We’re big-time now, Chicago! As of September, we officially have our first designated National Park site, Pullman National Monument. The monument honors not only early Chicago industrialist George Pullman (1831-1899) and his railway car-manufacturing empire, but also the many Pullman employees who helped usher in new rights for workers. Designated by former President Barack Obama in 2015, the site is a must-visit for families from Chicago and beyond. Here’s everything you need to know to plan a visit to Pullman National Monument with kids.
A brief history of Pullman.
Formerly a planned, industrial town, Pullman remains a vibrant, living community, not your everyday museum but a Chicago neighborhood packed with history. George Pullman's factory churned out the world's first popular sleeper trains, luxurious 'palace cars' complete with crystal chandeliers, wide, comfortable beds, and gourmet meals served by former slaves turned porters, the storied Pullman Porters.
Railway history is a big part of the Pullman experience, so If you have a choo-choo train fanatic in the fam, you'll enjoy the experience that stretches from 103rd St. to 115th St. and from the Norfolk Southern rail line east to Cottage Grove Avenue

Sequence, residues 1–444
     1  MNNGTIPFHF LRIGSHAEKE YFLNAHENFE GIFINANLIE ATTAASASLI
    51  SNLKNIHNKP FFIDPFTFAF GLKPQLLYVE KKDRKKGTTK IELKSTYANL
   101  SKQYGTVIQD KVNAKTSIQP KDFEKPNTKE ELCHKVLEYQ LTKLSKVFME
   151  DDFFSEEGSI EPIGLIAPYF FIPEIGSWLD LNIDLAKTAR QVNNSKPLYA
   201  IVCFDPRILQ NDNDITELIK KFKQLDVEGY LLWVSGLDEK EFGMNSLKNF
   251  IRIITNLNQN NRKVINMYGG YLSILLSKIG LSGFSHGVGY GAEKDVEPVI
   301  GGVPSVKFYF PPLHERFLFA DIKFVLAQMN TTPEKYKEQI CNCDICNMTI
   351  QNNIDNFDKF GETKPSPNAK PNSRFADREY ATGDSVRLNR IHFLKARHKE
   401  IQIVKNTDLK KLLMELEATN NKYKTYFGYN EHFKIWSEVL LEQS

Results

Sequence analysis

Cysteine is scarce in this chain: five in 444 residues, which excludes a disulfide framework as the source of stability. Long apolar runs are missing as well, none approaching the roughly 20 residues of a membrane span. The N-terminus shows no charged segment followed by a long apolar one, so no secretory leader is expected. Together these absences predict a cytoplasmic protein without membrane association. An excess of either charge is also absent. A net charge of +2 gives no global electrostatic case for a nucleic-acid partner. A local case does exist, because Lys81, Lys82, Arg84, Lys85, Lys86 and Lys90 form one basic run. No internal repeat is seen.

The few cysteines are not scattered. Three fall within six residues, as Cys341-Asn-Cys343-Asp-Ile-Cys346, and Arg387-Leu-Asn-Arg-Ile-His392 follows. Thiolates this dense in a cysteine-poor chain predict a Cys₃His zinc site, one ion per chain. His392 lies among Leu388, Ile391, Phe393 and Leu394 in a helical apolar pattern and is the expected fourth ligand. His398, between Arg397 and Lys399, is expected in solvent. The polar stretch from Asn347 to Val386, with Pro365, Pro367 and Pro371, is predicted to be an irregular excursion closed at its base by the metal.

Plan your visit to coincide with a ranger-guided tour.
Perhaps the best way to experience historic Pullman is on a National Park Ranger-guided tour. Walking guided tours are offered on the first Sunday of the month, May-October, and begin at the Historic Pullman Foundation Visitor Center at 1:30 p.m. and last about 90 minutes. Check the site's event calendar before you go, too, to plan your visit to coincide with upcoming special tours and events.
Start your visit at the Historic Pullman Foundation Visitor Center.
Start your visit at the NPS Visitor Center housed in the Administration Clocktower Building (610 111th St.). Built in 1880, the Administration Clock Tower Building faces the Illinois Central tracks, making it one of the first buildings a visitor would see upon stepping off a Pullman railway car. Rotating exhibits showcase items from Pullman's past: Kids can step inside a model of a Pullman "Palace Car" and see how Pullman's factory workers assembled the fancy railway cars. You can also pick up a handy Self-Guided Walking Tour brochure, which will guide you to the most representative buildings in the northern, central, and southern parts of the massive monument.
Pullman was originally designed so that everything a company worker needed was within walking distance, making it easy to explore everything the monument has to offer on foot.
Participate in the Junior Ranger Program.
Pick up a free, fun activity book at the NPS Visitor Center, so your kids can work toward becoming official Junior National Parks Rangers while visiting Pullman.